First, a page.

The Eagles have a three headed monster in their backfield. LeGarrette Blount was the starter for most of the season, Jay Ajayi was a trade deadline acquisition and Corey Clement was a surprise contributor as an undrafted free agent. The trio combined for 317 rushes for 1,495 yards, seven touchdowns and averaged 4.7 yards per carry. They also contributed for 28 catches for 264 yards and four touchdowns. Last week against the Falcons, the trio combined for 33 touches for 153 scrimmage yards and one touchdown.

Despite losing early rookie of the year favorite Dalvin Cook to a torn ACL in week four the Vikings still had an excellent one-two punch at running back with Latavius Murray and Jerick McKinnon. The duo combined for 366 rushes for 1,412 yards, 11 touchdowns and averaged 3.9 yards per carry. They also contributed for 66 catches for 524 yards and two touchdowns. Last week against the Saints, they combined for 32 touches for 107 scrimmage yards and two touchdowns.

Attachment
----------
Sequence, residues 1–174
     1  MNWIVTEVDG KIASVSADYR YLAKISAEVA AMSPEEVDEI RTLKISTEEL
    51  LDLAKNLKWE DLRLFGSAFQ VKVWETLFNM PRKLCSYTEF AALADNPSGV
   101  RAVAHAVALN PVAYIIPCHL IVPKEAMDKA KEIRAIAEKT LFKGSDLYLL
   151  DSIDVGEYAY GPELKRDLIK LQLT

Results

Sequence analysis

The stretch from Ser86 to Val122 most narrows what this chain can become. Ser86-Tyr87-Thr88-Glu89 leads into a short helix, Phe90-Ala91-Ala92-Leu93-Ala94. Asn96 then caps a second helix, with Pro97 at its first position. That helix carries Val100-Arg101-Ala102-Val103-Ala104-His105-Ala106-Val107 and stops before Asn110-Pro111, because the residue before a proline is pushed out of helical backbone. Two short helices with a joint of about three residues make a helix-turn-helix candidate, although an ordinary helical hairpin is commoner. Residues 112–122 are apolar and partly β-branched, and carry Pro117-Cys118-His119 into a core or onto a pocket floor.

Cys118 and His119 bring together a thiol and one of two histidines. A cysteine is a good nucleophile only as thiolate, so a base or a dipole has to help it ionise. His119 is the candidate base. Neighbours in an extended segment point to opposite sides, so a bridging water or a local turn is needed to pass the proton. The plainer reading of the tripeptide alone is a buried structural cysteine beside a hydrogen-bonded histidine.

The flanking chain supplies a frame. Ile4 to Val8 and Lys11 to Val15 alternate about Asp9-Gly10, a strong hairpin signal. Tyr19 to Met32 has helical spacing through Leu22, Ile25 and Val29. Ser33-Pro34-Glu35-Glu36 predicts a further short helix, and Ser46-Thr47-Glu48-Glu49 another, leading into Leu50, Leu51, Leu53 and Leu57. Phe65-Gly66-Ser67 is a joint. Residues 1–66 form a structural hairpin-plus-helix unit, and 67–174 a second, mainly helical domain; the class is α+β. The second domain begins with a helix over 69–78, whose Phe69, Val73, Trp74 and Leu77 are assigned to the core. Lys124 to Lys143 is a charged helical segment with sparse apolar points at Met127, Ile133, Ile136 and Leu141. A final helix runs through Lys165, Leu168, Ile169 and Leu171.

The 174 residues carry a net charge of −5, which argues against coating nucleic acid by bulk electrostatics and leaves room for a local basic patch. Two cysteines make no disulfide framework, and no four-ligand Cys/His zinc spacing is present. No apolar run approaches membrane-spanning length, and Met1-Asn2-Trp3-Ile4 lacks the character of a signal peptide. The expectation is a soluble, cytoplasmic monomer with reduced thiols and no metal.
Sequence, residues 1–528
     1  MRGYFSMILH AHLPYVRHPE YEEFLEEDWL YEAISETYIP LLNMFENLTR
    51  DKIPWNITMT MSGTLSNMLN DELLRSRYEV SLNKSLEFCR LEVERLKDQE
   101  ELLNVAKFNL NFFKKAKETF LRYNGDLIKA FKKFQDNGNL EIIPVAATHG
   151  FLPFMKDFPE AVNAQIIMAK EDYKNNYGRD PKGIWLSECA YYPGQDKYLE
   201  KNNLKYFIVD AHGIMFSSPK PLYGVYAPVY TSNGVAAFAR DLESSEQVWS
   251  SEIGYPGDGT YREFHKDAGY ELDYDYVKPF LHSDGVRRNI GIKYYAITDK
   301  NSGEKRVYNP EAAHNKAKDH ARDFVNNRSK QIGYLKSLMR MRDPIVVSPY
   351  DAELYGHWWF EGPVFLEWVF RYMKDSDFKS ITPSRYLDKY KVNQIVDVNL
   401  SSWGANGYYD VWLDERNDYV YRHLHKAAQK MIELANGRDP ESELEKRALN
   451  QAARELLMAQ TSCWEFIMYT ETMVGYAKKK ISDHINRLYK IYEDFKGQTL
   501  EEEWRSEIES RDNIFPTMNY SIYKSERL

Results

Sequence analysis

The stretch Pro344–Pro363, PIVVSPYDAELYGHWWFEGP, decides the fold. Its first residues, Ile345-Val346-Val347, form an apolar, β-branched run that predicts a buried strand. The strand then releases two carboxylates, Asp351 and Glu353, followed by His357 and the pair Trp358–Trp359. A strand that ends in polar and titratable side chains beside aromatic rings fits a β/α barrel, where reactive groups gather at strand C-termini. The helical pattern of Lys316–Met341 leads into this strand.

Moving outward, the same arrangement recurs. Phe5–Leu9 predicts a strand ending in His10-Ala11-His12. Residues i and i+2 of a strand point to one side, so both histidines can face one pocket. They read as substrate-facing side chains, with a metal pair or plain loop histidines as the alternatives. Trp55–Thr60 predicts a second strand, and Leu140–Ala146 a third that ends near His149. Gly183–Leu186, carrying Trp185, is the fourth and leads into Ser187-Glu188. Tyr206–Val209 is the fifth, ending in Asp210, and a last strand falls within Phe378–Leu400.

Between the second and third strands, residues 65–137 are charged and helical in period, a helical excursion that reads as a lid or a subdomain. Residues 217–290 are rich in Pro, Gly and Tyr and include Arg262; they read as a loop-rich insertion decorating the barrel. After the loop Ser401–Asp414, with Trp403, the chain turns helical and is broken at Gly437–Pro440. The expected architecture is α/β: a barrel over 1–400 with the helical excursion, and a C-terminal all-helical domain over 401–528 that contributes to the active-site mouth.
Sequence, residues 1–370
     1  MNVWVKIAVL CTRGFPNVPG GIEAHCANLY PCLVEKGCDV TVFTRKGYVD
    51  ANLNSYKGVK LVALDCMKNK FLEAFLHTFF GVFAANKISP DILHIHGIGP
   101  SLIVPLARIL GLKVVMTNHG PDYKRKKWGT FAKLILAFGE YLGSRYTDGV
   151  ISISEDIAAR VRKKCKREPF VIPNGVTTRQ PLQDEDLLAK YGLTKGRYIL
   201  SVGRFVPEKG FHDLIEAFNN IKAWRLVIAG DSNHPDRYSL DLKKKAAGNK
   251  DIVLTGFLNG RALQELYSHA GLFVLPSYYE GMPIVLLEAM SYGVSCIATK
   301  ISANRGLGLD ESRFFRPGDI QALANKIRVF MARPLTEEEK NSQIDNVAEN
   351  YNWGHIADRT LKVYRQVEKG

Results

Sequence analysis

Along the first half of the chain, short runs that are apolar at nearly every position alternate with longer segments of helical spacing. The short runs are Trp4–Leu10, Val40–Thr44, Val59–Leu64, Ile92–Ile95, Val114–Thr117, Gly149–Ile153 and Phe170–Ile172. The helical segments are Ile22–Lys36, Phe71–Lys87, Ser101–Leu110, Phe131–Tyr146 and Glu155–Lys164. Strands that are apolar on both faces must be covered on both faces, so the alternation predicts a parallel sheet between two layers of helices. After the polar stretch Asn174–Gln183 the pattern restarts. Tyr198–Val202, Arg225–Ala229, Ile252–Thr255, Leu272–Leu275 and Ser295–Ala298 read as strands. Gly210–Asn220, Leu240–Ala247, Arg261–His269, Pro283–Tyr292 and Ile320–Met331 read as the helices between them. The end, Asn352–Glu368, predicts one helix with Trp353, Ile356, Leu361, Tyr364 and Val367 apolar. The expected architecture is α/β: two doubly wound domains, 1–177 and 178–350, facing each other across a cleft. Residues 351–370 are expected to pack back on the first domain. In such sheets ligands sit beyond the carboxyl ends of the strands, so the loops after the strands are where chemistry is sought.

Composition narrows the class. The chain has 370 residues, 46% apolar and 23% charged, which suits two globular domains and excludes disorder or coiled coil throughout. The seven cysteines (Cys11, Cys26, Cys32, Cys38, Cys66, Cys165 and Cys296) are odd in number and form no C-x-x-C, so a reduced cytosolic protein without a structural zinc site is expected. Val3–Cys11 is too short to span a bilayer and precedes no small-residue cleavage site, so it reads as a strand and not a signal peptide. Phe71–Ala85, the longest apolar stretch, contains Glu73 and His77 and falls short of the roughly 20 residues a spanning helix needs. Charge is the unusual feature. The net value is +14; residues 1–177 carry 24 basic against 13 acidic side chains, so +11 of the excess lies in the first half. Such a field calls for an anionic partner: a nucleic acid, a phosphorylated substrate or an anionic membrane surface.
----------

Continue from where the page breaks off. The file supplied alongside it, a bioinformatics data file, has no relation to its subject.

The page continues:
Advantage: Eagles

This is a close toss up as both teams have a great set of running backs. However, the Eagles have three strong options that all can do something better than the other two. The Eagles’ trio had a bigger impact on their win last week and averaged 0.8 yards more per carry during the regular season. If Dalvin Cook was healthy, the Viking would have a major advantage here but without him, the Eagles have the slight edge.

Receivers (top three)

Last season the Eagle might have had the worst receiving group in the league. However, thanks to free agent acquisition Alshon Jeffery combined with development from Nelson Agholor and Zach Ertz, the Eagle had one of the best groups this season. The trio had 193 catches for 2,381 yards and 25 touchdowns. While a majority of that production came with Wentz under center, the trio had a strong performance last week against the Falcons with 17 catches for 239 yards and one touchdown.

For as good as the Eagles trio played, the Vikings trio might have been the best in the league this season. Adam Thielen has risen from an undrafted free agent to a legit top ten wide receiver. Stefon Diggs, a former fifth round pick, has now produced three straight seasons with solid stats despite playing with three different quarterbacks. Kyle Rudolph has been one of the most consistent tight ends in the league. The trio had 212 catches for 2,657 yards and 20 touchdowns. Then against the Saints last week the trio had 17 catches for 239 yards and the game winning touchdown.